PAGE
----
We're probably done with this topic now, but I had to step away from the computer for a week, so I thought I'd follow up. I do appreciate attempts to support local music. I really do. This move seems like a win for local music. But a win for the fair? I'm not sure that case has been made. Last year we got lots of numbers on how much the fair had lost on Dorton and how many tickets were sold. This year it's a lot more vague. The fair didn't save money with this new entertainment plan. It just lost less, or at least we're told it lost less. The numbers are a lot less firm this year because we're told that this year's 200K included stages that last year's numbers didn't account for. Why not supply those numbers if they're important to making the case? Also, without ticket sales, it's difficult to make any correlation between the music and fair attendance. Although I don't think anyone tried to make that correlation last year, either. Increased attendance is the unproven theory behind spending that much on entertainment. When you change the story to not actually caring about how the entertainment affects attendance, then doesn't the question become, "Why are we spending 200K on an entertainment budget if we're not expecting a corresponding return on attendance?" As for spending less money on entertainment to spend more money on other attendance-boosters, that seems like a faulty premise. It was never either/or. The fair regularly operates at a profit, so it already has money to spend on other attendance-boosters. It shouldn't need to raid the entertainment budget to fund a change that should increase profits.
Basically: Local music at the fair-- I like it. I'm not sure how it helps the fair. Music entertainment still loses money, and it sounds like fewer people are coming to enjoy the music. My suggestion: Fill Dorton with vendors of fried cheese, so I don't have wait in the long line at the one fried cheese vendor they have. I'll pay an extra $5 for a fried cheese express pass. If Spider Bags will play while I eat my fried cheese: $10.
So I loved the music line up this year, but I'm not sure state fair "gambled on tar heel talent." It seems like what they gambled on was the idea that people don't come to the fair for the music. For years they've been trying to bring in big enough names to entice people to the fair. They didn't make money on the concerts, but the goal was always to get people into the fair. This year they may have filled Dorton a couple of nights, but on other nights it seems like attendance was pretty low. I was there Friday, and the music was great. The crowd was enthusiastic. The crowd was also, for a Dorton show, pretty small. I'm not complaining about the music because for me this year's line-up was great. Probably for the average Indy reader it was great. But for the average fair attendee? I think we'd need to see some attendance numbers to back that up. There may have been record attendance at the fair this year, but if there wasn't record attendance in Dorton, then it's going to be hard to make that correlation. The Indy seems to take an odd view of the fair. They seemed to, in the past, be criticizing the financial aspects of the concerts, but now it seems clear that what they're criticizing is that the fair hasn't been booking acts that Indy readers love. Last year the criticism was that the fair spent 350,000 and was still in the hole 195,000 when ticket sales were added in. This year the fair is praised for spending 200,000 and getting no return on that money. I, personally, have no quarrel Deep South's bookings. The amount of time and money I've spent at their establishment and their other events would put a lie to that very quickly. But I do have a problem with how inconsistently the issue of fair entertainment is handled by the Indy. Last year the Indy reported a "loss" of 195,000, and this year there was a "win" of only spending 200,000. If that 5,000 increase over last year can be tied to higher attendance, then that is a win, but this article doesn't really make that case.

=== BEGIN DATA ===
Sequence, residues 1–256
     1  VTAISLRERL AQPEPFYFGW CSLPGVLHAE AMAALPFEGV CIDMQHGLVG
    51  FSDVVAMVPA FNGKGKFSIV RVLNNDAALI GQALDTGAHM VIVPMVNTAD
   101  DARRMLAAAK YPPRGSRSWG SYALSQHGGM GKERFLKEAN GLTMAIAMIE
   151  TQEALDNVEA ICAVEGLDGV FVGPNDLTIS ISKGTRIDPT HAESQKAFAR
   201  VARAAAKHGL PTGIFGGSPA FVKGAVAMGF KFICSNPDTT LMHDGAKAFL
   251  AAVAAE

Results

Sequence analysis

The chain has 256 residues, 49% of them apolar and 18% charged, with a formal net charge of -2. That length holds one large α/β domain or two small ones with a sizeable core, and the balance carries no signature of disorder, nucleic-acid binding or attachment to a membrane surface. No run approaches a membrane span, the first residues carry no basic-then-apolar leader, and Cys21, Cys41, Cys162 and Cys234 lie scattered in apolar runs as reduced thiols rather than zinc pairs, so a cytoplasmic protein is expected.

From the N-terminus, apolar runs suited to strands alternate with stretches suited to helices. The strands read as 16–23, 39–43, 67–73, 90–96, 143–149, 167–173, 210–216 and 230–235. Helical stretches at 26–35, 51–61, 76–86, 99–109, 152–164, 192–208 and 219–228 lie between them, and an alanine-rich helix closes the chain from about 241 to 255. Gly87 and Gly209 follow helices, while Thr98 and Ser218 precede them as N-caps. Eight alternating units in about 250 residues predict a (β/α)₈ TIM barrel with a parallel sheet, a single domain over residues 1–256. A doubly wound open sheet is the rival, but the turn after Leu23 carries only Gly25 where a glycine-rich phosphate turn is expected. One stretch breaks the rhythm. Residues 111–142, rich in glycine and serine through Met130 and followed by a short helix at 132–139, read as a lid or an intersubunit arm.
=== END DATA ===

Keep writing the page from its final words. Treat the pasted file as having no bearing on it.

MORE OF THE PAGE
I think it's a shame to use Bruce's death to argue against something he believed in so strongly, especially given that the way I heard the accident described, it had nothing to do with "taking the lane."
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